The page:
Edited by Allyssa McCabe and Chien-ju Chang
[Studies in Narrative 19] 2013
► pp. 181–206
Narratives of Mandarin-speaking patients with schizophrenia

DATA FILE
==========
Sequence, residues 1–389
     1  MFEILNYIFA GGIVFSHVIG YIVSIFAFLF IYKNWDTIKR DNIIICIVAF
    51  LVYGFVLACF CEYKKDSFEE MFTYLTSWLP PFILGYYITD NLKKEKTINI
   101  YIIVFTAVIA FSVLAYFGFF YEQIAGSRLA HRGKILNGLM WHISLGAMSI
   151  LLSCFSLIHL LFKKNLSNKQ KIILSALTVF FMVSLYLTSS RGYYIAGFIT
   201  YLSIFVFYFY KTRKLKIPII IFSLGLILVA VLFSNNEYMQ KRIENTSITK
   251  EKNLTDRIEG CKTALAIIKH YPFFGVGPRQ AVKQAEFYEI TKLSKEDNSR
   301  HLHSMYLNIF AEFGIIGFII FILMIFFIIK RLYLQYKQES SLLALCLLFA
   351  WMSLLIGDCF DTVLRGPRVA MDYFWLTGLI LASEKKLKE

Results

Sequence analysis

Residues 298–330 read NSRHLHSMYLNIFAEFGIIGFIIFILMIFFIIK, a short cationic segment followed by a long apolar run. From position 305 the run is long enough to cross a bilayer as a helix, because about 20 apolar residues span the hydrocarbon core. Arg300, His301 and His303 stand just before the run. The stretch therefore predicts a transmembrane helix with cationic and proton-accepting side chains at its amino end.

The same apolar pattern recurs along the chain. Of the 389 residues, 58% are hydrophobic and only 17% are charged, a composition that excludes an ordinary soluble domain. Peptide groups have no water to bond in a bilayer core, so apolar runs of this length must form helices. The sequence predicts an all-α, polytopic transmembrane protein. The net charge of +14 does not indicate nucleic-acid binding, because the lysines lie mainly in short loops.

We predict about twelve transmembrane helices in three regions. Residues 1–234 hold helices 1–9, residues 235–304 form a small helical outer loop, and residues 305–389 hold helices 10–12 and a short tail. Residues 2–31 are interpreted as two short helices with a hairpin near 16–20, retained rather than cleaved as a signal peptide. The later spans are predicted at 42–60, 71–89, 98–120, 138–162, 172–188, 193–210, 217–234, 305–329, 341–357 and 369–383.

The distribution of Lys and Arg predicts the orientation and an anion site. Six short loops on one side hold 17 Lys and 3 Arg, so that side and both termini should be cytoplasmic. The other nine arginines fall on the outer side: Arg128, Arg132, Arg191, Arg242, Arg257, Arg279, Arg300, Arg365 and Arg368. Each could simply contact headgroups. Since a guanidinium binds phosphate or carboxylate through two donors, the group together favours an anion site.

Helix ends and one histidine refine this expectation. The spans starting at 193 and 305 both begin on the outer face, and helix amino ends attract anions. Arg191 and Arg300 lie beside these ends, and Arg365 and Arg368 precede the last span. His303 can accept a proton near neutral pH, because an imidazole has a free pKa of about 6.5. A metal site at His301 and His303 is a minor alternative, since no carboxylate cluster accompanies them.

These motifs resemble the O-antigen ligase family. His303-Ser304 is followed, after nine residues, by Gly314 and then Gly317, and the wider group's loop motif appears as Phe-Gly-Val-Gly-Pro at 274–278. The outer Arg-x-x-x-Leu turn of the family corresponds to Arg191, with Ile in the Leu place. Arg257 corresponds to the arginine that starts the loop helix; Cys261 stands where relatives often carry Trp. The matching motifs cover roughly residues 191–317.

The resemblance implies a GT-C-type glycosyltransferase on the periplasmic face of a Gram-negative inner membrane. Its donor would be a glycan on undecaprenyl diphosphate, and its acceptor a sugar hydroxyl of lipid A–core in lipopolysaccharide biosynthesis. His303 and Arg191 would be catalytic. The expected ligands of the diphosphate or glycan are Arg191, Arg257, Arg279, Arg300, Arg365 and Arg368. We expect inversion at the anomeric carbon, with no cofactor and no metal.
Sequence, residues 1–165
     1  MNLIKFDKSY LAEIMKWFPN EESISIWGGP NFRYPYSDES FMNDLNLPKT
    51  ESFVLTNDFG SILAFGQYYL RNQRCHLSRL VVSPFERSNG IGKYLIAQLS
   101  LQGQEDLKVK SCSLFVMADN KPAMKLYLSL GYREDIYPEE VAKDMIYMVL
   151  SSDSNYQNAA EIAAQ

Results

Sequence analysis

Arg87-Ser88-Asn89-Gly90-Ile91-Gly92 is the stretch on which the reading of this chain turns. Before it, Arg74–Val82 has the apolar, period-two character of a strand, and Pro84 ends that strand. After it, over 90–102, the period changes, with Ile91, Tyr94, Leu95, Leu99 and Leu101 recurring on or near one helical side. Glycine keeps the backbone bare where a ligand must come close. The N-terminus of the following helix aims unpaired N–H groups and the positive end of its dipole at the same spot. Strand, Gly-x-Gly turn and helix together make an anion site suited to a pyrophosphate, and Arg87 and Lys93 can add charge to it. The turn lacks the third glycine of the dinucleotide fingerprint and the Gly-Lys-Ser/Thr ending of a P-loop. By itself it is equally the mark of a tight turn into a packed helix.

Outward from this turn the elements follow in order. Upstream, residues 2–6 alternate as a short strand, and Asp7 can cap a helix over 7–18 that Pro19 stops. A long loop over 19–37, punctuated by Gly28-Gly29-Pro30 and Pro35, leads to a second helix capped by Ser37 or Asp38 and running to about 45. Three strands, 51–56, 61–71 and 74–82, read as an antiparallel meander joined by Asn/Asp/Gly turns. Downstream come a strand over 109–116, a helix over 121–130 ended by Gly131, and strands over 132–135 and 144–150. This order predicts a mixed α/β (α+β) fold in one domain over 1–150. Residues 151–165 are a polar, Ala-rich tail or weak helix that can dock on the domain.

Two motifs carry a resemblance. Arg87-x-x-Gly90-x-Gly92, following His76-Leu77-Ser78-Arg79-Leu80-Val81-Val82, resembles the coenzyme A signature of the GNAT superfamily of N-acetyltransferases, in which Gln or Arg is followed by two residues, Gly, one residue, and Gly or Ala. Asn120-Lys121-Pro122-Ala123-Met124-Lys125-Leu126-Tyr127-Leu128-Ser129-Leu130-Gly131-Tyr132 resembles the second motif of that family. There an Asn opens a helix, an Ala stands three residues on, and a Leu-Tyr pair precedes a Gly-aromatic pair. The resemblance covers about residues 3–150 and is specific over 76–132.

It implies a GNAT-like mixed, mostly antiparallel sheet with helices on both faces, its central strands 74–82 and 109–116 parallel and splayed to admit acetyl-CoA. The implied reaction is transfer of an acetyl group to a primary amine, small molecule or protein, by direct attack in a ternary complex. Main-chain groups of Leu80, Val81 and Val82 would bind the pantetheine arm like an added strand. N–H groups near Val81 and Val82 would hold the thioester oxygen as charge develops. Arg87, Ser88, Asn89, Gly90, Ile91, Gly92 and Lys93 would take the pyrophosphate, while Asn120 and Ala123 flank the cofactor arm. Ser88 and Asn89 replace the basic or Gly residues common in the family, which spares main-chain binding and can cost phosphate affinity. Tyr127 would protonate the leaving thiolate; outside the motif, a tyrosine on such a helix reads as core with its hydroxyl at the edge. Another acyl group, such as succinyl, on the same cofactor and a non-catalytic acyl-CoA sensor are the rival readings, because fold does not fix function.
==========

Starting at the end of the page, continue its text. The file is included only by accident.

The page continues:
Schizophrenia is characterized by abnormalities in perception and expression. The traditional view of their disordered speech as a reflection of their disorganized thinking (Bleuler, 1950; Kraepelin, 1919/1992) has been questioned for the reason that language and thought are not in total isomorphic relationship. The disordered speech observed in individuals with schizophrenia could be more than a mere thought disorder or a mere language disorder (Harvey & Neale, 1983; McKenna & Oh, 2005). The present study investigated the narrative ability of Mandarin-speaking patients with schizophrenia. A group of 22 patients with schizophrenia as well as 20 normal controls participated in a story-telling task. Participants were asked to narrate three picture-books and their performance was evaluated by a Mandarin version of Narrative Assessment Profile (Tsou, Chang, & Cheung, 2009), which examines eight dimensions of a narrative: topic maintenance, event sequencing, reasonableness, referential skill, background information, evaluation, conjunctive cohesion, and the overall narrative pattern. Lexical choices of connectives (causal connectives and contrastive connectives) as well as verbal predicates (perceptual verbs, psychological verbs, and mental verbs) were also analyzed. Results showed that participants in the schizophrenic group preserved an intact ability to produce basic elements in narratives, performing comparatively well in dimensions of event sequencing and referential skill. However, their performance in the other six dimensions was significantly weaker than the controls. It is proposed that individuals with schizophrenia display an overall lack of structure in narratives, as reported in previous literature (Chaika & Alexander, 1986; Lysaker et al., 2005). They seemed to have difficulties in coping with the communication needs of their listeners, as revealed by lower scores in reasonableness, background information, and evaluation. Further evidence came from lexical analyses which also showed that the group with schizophrenia used fewer contrastive connectives and mental verbs when telling their stories. Discussions on the implications of these findings are considered.